• Richard Eder;The New York Times A masterpiece.
  • The New York Times Book Review A writer of almost unclassifiable originality, but whose voice we recognize as indispensable and central to our time.
  • The New York Times Most writers, even good ones, write of what can be written. The very greates write of what cannot be written. I think of Akhmatova and Primo Levi, for example, and of W.G. Sebald.
  • Thomas McGonigle;Chicago Tribune The Emigrants is that terrifyingly rare and wonderful thing: a unique masterpiece...
  • The New York Review of Books Tragic, stunningly beautiful, strange and haunting. The secret of Sebald's appeal is that he saw himself in what now seems almost an old-fashioned way as a voice of conscience, someone who remembers injustice, who speaks for those who can no longer speak.
  • Susan Sontag An astonishing masterpiece — perfect while being unlike any book one has ever read.
  • Susan Sontag W.G. Sebald has written an astonishing masterpiece: it seems perfect while being unlike any book one has ever read. Bewitching in its subtlety, sublime in its directness and in the grandeur of its subject. The Emigrants is an irresistable book.
  • Michael Dirda;The Washington Post If you are completely new to Sebald, you should probably start with his early masterpiece, The Emigrants.
  • The Washington Post W. G. Sebald's [early death is] much lamented by admirers of his too few books, chiefly The Emigrants, The Rings of Saturn, Vertigo, and Austerlitz. Readers of these four essay-fictions know that Sebald exemplified the best kind of cosmopolitan literary intelligence - humane, digressive, deeply erudite, unassuming and tinged with melancholy. The last quality is particularly important, for if one had to characterize Sebald's ethos - the mood he generates on the page, the themes that haunt him - one could hardly do better than borrow the title of the famous essay by Freud: 'Mourning and Melancholy.'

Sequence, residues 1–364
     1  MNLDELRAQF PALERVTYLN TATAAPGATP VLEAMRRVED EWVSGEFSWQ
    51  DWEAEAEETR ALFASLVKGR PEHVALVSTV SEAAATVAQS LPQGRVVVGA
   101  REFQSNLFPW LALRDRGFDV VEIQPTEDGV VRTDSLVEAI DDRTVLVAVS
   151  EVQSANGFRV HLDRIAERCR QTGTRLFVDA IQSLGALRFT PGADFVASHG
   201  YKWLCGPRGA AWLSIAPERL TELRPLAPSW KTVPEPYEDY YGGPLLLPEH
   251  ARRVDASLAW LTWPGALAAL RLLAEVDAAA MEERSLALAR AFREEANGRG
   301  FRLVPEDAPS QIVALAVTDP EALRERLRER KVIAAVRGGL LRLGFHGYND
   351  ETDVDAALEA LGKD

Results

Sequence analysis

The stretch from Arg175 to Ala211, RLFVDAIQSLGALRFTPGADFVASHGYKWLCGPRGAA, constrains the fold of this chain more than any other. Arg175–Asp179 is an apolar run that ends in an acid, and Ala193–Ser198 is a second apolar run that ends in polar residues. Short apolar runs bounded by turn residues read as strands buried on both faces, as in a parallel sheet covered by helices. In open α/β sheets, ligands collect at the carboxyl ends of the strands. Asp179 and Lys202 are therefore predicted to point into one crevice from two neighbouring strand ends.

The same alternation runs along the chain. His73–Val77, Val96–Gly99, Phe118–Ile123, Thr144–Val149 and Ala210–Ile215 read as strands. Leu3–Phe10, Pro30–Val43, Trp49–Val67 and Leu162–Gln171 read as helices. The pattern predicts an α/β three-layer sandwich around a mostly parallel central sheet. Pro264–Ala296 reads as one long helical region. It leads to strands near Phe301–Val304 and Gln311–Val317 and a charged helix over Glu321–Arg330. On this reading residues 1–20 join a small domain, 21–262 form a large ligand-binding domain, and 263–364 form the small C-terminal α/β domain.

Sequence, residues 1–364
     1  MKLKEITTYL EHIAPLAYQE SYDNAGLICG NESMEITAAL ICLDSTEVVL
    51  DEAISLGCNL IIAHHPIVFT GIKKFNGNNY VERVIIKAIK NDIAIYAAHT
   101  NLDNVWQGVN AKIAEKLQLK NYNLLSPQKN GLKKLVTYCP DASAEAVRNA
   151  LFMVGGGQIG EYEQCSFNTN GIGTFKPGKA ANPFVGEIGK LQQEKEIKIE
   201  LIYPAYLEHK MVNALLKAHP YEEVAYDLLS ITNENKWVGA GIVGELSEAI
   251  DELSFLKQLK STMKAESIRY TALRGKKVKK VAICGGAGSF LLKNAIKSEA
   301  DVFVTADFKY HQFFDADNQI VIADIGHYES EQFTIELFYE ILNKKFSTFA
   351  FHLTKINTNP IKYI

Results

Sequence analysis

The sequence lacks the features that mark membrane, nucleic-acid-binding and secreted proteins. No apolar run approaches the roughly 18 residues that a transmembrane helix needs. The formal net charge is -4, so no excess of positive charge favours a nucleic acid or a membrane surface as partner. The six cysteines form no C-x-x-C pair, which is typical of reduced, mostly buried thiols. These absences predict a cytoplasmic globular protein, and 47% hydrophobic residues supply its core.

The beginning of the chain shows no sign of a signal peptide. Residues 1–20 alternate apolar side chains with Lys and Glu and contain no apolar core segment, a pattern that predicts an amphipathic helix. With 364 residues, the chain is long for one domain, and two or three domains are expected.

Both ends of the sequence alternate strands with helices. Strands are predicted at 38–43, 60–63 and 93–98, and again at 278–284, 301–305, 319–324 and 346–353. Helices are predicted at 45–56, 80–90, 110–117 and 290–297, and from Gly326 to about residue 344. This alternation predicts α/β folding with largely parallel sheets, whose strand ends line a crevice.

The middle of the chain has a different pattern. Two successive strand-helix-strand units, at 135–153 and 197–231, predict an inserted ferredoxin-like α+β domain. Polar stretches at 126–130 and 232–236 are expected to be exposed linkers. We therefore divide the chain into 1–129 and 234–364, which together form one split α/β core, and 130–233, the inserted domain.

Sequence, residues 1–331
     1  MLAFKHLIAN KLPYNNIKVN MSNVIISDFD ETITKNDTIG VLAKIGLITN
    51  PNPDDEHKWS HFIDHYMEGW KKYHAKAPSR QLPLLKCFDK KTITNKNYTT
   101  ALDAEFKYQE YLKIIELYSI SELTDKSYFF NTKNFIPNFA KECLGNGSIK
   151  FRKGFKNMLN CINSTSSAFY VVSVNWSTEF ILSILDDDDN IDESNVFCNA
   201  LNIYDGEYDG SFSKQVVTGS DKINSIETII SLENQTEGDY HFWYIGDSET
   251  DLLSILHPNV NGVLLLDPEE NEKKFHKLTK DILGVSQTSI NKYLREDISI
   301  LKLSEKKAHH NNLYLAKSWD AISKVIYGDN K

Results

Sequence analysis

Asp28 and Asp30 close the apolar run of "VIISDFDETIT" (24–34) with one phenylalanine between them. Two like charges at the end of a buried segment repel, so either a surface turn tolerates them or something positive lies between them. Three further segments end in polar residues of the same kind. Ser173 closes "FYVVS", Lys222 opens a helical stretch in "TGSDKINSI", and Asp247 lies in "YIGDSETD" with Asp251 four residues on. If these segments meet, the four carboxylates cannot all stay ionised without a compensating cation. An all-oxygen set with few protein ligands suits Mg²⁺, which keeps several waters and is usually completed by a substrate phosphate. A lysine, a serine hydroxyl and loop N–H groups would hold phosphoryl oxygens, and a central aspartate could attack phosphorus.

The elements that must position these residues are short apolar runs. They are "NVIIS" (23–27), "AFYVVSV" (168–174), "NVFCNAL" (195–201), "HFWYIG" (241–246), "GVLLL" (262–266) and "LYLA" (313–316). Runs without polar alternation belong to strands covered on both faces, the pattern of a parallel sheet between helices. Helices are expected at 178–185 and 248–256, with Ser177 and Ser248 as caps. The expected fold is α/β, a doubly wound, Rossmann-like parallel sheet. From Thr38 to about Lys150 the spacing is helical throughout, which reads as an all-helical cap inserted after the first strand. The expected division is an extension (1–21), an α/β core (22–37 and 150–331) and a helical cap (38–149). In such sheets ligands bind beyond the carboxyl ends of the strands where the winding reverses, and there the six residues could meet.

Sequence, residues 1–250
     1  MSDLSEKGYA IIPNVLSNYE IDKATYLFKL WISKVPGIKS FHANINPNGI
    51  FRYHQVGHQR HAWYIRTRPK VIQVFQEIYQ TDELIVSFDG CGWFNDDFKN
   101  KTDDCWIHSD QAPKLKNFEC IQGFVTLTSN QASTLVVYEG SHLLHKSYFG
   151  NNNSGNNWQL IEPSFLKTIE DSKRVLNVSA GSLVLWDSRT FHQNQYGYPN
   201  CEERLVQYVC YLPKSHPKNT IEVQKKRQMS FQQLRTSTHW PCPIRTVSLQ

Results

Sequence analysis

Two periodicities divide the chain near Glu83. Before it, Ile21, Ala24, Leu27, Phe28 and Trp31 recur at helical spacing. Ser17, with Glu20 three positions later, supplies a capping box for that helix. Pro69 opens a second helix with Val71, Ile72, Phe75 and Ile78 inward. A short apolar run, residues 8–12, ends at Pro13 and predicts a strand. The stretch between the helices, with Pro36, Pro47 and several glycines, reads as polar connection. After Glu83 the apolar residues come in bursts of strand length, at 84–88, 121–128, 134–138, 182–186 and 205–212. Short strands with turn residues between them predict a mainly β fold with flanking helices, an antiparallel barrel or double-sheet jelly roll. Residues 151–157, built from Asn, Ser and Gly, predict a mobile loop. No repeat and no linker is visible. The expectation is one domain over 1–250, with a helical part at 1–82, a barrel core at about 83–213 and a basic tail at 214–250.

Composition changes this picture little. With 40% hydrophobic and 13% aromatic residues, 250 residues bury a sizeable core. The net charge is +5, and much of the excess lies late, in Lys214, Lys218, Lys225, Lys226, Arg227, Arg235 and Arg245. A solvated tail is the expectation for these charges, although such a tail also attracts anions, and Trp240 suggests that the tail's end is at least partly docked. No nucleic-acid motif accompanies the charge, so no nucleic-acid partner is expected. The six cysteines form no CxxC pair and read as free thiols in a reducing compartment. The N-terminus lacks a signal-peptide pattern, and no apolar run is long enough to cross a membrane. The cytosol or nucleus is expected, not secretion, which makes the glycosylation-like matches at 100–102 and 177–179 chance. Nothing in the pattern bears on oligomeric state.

• Anthony Lane;New Yorker Sebald is a rare and elusive species... But still he is an easy read, just as Kafka is... He is an addiction, and, once button-holed by his books, you have neither the wish nor the will to tear yourself away.
  • The New York Times Book Review A writer whose work belongs on the high shelf alongside that of Kafka, Borges, and Proust.
  • Richard Eder;The New York Times Book Review Sebald stands with Primo Levi as the prime speaker of the Holocaust and, with him, the prime contradiction of Adorno's dictum that after it, there can be no art.
  • Anthony Lane;The New Yorker Sebald is a rare and elusive species, but still, he is an easy read, just as Kafka is. He is an addiction, and once buttonholed by his books, you have neither the wish nor the will to tear yourself away.